The modest dresser in the US or Europe often has different wants and needs to the modest dresser in the Middle East or Asia-Pacific. Many women in the West put the emphasis more on fashion, Mia explains. Maha Gondal, who lives in Canada, believes major luxury brands could make significant inroads into the Western modest fashion industry but argues that Muslim consumers are not marketed to appropriately, citing recurring errors in designs as well as non-inclusive campaigns. Few luxury brands market “hijab” or “head coverings”
The difference between Western and Muslim modest dressers
Is minimal but important, many designers still assume Muslim consumers are a homogenous group of largely homogenous dressers, similar to the way that feminine or slim or older or “plus-size” clothing is marketed to specific groups of women. Young, fashion-conscious consumers, however, are more diverse, so the labels should not simply assume the customer base is homogenous.
What brands need to do to accommodate Muslim consumers
Is change the language of their marketing. Whether it is a brand such as Burberry, which has been criticized for its recent ad campaign, or a more mainstream brand such as Abercrombie & Fitch, which had to issue an apology for a marketing campaign, the tone needs to be adjusted. “Labeling headscarves ‘headwear’” misses a vital nuance,” argues Reem Kelani, director of independent social and cultural think tank Connect Women.“It discounts the fact that Muslim women are born with hijabs. While it gives the impression that Muslim women adopt it and then wear it in every context, a good majority of Muslim women do not have it until their adult years.”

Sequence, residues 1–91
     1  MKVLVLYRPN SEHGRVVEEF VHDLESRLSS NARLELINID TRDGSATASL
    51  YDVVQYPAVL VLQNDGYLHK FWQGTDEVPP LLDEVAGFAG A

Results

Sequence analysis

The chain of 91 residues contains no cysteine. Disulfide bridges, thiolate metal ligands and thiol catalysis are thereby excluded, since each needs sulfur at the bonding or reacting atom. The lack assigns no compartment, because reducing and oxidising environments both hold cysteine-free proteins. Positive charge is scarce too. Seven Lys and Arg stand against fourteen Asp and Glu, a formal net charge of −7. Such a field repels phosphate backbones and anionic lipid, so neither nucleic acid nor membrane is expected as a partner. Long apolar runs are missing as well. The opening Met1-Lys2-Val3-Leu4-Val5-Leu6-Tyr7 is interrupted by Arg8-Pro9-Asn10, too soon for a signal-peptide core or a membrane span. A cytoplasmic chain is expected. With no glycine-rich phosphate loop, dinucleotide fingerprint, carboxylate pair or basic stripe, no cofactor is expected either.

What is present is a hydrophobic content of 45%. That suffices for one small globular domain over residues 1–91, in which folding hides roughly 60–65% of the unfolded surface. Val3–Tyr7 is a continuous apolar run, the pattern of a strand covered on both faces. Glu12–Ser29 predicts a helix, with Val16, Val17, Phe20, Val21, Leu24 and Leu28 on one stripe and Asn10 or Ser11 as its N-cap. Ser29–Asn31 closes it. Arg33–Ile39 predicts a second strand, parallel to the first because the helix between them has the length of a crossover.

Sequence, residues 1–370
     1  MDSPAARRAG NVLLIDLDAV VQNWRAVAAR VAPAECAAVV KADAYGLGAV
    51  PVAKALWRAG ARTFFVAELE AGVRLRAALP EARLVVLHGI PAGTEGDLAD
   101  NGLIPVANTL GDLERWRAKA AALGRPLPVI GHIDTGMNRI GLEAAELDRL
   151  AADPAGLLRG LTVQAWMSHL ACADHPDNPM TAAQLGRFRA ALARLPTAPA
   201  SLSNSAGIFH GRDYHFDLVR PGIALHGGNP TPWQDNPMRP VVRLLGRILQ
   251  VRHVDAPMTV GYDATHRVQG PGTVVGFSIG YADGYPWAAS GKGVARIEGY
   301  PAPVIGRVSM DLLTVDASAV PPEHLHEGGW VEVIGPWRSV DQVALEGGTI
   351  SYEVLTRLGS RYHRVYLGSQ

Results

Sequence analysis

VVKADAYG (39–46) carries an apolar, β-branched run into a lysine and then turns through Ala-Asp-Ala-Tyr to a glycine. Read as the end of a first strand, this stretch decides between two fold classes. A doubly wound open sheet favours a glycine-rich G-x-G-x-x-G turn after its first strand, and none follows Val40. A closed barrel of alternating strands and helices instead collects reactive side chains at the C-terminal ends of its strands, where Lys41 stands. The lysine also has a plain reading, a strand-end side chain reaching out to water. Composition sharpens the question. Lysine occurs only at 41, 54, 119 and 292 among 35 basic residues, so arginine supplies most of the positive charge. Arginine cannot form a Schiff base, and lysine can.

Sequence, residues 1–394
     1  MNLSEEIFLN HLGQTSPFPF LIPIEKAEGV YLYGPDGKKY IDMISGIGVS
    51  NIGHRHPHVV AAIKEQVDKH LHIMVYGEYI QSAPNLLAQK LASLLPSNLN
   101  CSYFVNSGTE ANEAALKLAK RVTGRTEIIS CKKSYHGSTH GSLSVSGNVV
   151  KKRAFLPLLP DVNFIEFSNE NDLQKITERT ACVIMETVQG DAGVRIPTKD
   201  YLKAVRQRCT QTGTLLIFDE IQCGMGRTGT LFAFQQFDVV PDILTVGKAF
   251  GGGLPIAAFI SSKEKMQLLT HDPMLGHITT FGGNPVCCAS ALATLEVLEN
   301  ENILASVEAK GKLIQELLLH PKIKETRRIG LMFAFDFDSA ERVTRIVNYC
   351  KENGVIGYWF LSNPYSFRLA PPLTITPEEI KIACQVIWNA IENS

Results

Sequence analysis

How Muslim consumers are changing the luxury market
At least in clothing, an ambiguous definition of modest design is being offered. The latest fashion finds a way around defining what is modest or not, Gondal says. "It's being used to create a brand story for luxury products.” While designers are raking in money in the West, working on everything from special order to licensed ready-to-wear items, it's the Middle East that is the powerhouse in the luxury market. A reason for that is the number of Muslims in the region. According to the Pew Research Center, Muslims make up 20% of the global population. In Muslim countries, that number is more like 50%. Yet the market is only a fraction of the size of the European and North American one. Why?
Globally, the fashion sector has long been criticized for being inaccessible to women of colour, the LGBTQ community, and those who are non-cisgender or have multiple gender identities. Trends come and go, but brands, celebrities, and designers cannot and should not operate from this perspective. Consumer demand is rapidly evolving, and more and more women, and men, are asking brands to create, promote, and value fashion that embodies their unique experiences and identities. Muslim consumers are redefining the fashion industry by demanding for fashion that embraces their different identities and aspirations. This is in line with traditional Islamic value of modesty, where “unnecessary” exposure of a woman’s body and her personal grooming are prohibited.